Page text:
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Domestic violence prevention remains difficult in minority communities


New Paltz, NY – As the 2010 Census data shows growing population numbers for minorities in the Hudson Valley, there's also a bigger struggle to keep up outreach for minority victims of domestic violence and domestic abuse. WAMC's Hudson Valley Bureau Chief Greg Fry reports...

Domestic violence is a problem that can affect anyone, regardless of race, age, or gender. But within minority communities, different factors can make the problem harder to solve. Kathy Graham, is the Director of Battered Women Services for Family Services. She points to confusion over language and cultural differences as two obstacles.

Overcoming these obstacles can often depend on the resources available, but with the steady increase of different cultures and languages, it has become difficult for some facilities to keep up. Amy Barasch is the Executive Director for the New York State Office for the Prevention of Domestic Violence. She says there are issues over resources, and even issues facing those who are not literate.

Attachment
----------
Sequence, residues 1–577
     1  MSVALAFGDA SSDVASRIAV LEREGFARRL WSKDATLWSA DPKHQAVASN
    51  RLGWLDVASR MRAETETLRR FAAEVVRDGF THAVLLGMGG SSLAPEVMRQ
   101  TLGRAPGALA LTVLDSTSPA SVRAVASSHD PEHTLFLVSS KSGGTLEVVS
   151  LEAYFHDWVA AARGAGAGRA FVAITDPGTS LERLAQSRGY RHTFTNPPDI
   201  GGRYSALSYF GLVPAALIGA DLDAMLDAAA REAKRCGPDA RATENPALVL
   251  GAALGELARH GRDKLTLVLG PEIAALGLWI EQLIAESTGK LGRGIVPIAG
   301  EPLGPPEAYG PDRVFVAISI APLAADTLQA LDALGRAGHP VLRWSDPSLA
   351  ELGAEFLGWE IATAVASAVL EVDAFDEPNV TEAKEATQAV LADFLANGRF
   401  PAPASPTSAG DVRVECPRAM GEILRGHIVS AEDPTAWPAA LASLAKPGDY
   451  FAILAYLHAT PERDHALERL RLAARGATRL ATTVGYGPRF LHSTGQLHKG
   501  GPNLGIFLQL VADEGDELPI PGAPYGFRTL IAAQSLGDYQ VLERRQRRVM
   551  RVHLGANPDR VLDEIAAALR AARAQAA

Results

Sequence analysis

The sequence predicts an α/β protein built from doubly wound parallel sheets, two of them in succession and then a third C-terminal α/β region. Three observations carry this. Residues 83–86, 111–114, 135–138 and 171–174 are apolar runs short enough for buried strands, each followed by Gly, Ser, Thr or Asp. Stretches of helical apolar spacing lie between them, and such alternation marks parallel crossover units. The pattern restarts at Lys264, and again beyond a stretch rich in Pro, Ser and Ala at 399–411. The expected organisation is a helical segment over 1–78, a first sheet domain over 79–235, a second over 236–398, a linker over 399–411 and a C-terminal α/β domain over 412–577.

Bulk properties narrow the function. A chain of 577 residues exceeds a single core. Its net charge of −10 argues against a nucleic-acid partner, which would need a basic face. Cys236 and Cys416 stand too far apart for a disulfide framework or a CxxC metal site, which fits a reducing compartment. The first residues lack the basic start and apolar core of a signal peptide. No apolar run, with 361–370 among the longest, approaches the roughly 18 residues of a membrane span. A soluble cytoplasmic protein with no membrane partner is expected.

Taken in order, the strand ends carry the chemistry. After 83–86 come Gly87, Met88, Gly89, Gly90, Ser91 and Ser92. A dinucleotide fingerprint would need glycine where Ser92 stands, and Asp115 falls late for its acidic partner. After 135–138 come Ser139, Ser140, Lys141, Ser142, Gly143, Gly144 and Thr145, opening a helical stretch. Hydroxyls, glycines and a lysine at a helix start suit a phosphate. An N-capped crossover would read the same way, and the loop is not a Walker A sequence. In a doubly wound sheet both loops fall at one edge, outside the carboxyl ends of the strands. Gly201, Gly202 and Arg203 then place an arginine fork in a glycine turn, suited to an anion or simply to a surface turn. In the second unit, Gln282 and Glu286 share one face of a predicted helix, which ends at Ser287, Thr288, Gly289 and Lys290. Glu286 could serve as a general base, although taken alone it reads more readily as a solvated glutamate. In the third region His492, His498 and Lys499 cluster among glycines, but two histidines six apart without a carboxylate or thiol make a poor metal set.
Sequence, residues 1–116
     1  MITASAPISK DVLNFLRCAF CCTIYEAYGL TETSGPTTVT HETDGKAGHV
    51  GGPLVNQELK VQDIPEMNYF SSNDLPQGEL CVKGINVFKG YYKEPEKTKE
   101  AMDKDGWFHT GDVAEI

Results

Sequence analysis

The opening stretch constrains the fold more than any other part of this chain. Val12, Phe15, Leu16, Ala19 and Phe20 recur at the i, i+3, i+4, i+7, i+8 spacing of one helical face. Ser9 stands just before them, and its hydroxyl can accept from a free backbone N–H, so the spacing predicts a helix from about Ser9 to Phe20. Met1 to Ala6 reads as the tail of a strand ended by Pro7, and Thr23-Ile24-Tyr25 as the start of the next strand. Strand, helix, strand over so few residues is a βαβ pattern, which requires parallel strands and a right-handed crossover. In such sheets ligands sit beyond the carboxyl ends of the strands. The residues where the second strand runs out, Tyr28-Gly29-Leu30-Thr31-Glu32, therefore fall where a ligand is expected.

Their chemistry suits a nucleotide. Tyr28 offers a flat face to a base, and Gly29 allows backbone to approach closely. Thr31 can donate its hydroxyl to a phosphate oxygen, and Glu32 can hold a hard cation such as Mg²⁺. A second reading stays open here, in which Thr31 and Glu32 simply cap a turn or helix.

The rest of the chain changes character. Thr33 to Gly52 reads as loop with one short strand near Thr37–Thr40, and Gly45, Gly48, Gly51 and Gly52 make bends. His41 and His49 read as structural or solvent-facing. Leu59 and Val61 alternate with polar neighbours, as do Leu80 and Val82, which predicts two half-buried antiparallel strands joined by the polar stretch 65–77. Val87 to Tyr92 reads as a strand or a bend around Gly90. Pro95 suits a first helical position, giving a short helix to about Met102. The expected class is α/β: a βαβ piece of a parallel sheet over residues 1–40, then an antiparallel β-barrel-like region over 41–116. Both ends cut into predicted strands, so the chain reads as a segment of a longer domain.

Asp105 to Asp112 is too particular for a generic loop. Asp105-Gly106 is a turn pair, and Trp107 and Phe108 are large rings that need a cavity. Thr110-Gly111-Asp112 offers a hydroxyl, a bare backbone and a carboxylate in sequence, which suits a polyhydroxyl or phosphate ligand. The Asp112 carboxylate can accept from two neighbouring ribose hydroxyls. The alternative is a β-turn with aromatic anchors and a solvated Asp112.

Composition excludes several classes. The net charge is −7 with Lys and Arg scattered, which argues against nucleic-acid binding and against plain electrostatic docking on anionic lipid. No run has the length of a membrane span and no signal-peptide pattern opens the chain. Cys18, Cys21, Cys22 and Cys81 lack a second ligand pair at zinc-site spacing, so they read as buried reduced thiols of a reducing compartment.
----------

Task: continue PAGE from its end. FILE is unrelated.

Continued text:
Barasch says that an abuser will use any tool necessary to maintain power, and immigration status is one of those tools. Many undocumented victims fear calling the police or seeking other forms of help due to their immigration status.

According to Barasch, the police understand not to question the immigration status of a victim of domestic abuse, unless they are suspected of another crime.

Judy Lombardi, the Director of Outreach and Support Services for the Grace Smith House in Poughkeepsie, says she has never seen a case where an undocumented victim of domestic violence was deported.

But, after the situation is resolved, undocumented victims do often have a harder time getting back on their feet.

Though non-profit organizations are struggling to keep up with the growing diversity in the populations they serve, Barasch says it's an evolutionary process, and one that takes time.

NYS Office for the Prevention of Domestic Violence